by Tony Gebely June 2, 2013 8:44 am
This is a question that I see often on r/tea. The root of the problem here is that the ideals of Eastern steeping methods are getting mixed up with Western steeping methods. This is a huge generalization, but here is how the two styles shake out:
Eastern Steeping: The tea leaves are steeped repeatedly with very small amounts of water for very short amounts of time, traditionally in a gaiwan or a smaller yixing pot that holds less than 1 cup of water. Also the ratio of leaves to water is higher with Eastern methods than with Western methods. This is the foundation of the gongfu style of tea preparation.Eastern style vs Western style Tea steeping
Western Steeping: The tea leaves are steeped in a larger vessel that holds several cups of water once or twice, for longer amounts of time.
When you hear people speaking of re-steeping, or bragging about how many steeps they are able to get out of a single portion of tea leaves they are usually referring to Eastern methods. This is because when you use Eastern steeping methods, you are only producing a small amount of tea liquor and because the ratio of leaves to water is higher, you can produce many steepings. Because the amount of liquor produced is so small, it’s not uncommon to steep the leaves 5-10 times in a 15-30 minute sitting. This makes storing the leaves between brewing a non-issue– they just sit in the steeping vessel (after all of the water has been decanted) until the next steeping.
Where this becomes confusing is when people try to use these Eastern methods on larger vessels with lower ratios of tea to water common in Western steeping methods (perhaps an entire English size tea pot meant to hold 4 or more cups of water, or an Adagio branded tool called an ingenuiTea which holds 2 cups). In this case, if re-steeping is to be attempted, the tea drinker may want to wait many hours or even an entire day before re-steeping.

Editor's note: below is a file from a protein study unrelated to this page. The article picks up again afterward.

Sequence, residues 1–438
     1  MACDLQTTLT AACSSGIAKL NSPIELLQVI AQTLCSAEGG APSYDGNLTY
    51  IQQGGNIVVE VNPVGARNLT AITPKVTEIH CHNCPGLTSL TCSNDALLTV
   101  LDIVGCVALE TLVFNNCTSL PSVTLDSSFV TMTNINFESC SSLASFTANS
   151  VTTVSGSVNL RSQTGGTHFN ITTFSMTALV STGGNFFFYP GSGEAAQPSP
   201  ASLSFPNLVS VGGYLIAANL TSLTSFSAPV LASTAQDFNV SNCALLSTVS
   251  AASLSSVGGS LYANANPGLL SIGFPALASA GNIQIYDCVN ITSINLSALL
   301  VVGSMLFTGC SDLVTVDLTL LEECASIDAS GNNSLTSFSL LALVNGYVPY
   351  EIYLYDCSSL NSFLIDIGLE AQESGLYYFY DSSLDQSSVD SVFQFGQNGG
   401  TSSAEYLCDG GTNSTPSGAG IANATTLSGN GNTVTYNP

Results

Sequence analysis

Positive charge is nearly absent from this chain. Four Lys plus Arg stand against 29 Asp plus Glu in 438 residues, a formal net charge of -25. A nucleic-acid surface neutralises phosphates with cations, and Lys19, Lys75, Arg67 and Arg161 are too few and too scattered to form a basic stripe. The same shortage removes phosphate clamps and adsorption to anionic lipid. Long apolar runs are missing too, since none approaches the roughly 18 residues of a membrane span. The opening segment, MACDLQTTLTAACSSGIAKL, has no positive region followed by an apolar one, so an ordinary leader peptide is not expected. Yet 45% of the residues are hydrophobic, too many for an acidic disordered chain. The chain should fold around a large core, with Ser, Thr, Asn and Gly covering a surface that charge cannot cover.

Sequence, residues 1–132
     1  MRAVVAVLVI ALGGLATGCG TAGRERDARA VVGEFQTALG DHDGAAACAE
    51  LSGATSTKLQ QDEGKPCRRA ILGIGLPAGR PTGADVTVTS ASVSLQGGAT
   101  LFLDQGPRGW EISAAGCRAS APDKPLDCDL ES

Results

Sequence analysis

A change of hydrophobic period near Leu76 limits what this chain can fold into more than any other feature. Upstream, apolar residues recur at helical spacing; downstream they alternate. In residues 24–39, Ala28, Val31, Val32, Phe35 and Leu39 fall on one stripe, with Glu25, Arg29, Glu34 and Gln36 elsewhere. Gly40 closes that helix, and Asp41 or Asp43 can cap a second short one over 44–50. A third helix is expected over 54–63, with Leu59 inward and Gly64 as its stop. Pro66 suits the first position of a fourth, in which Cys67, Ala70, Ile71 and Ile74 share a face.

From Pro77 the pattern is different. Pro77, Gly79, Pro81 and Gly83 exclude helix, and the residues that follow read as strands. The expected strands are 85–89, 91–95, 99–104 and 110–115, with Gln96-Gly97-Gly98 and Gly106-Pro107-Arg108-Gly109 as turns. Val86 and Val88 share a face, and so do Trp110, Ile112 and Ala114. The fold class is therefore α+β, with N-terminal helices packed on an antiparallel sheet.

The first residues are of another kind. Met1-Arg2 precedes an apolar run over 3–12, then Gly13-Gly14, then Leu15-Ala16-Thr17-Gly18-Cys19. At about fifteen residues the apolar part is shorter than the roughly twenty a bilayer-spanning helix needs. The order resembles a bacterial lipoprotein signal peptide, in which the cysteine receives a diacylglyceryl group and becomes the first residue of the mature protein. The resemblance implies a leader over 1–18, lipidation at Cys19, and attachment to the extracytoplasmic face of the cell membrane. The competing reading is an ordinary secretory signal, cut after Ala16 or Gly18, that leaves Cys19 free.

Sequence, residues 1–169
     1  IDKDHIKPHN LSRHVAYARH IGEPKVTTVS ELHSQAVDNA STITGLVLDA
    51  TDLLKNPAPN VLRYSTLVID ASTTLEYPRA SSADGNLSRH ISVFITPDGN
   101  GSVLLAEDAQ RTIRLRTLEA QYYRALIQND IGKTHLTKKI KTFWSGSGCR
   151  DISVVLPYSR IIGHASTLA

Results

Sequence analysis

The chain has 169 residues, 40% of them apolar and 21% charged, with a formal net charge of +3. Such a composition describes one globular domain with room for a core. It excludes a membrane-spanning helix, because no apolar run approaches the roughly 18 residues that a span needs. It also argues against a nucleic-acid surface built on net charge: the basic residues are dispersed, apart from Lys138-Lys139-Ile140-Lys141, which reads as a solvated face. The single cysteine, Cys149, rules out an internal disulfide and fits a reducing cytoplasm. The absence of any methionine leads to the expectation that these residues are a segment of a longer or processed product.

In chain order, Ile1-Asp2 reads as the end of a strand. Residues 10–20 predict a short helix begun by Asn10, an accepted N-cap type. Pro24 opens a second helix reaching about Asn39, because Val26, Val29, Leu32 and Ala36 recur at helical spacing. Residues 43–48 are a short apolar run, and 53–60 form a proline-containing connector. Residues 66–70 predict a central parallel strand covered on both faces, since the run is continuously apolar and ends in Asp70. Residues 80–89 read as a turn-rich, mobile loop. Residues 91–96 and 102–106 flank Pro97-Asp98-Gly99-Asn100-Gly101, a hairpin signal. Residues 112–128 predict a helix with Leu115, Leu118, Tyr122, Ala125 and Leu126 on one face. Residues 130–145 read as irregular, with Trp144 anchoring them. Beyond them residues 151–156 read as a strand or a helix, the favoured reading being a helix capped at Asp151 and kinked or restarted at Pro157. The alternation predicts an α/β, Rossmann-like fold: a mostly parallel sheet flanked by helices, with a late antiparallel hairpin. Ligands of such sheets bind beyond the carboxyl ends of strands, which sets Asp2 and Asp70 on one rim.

What I’m saying here is that, even if a high ratio of leaves to water is used for steeping tea in large quantities, the amount of tea you are making is so great, that hours will pass until you are ready for the next pot.
The truth is, once you steep leaves once and several hours pass, there is no good way to store them without diminishing the quality of the liquor they will produce. I’ve put really expensive leaves in the fridge overnight to try the next day, I’ve tried to dry them out and re-steep them the next day… but as James Norwood Pratt says… doing so, you’ll end up producing a tea that “tastes like it has become a ghost of itself.” So if you think you are unable to use the tea leaves to their maximum potential in a single day, try this: throw them in some cold water and put the water in the fridge overnight, decant in the morning and you should have a pleasant iced tea.
Nevertheless — here’s what I do at work for steeping: I bought a finum steeping basket (the only tea steeping device you’ll ever need in my opinion) that takes up almost all of the inside of my coffee mug. I put 3-5 grams of ball-style oolong (Dong Ding, Tiequanyin, LiShan, etc) in it, steep it for about 1-2 mins, put the leaves aside, drink it, then repeat it throughout the day, I am able to use the same leaves multiple times throughout the day, and when the day is done, I throw out the leaves. So I guess by the definitions in this post, my work habits are halfway in between Eastern and Western steeping methods.
What do you think? Is there a great way to store leaves between steepings, or is this simply Eastern ideals meeting Western methods?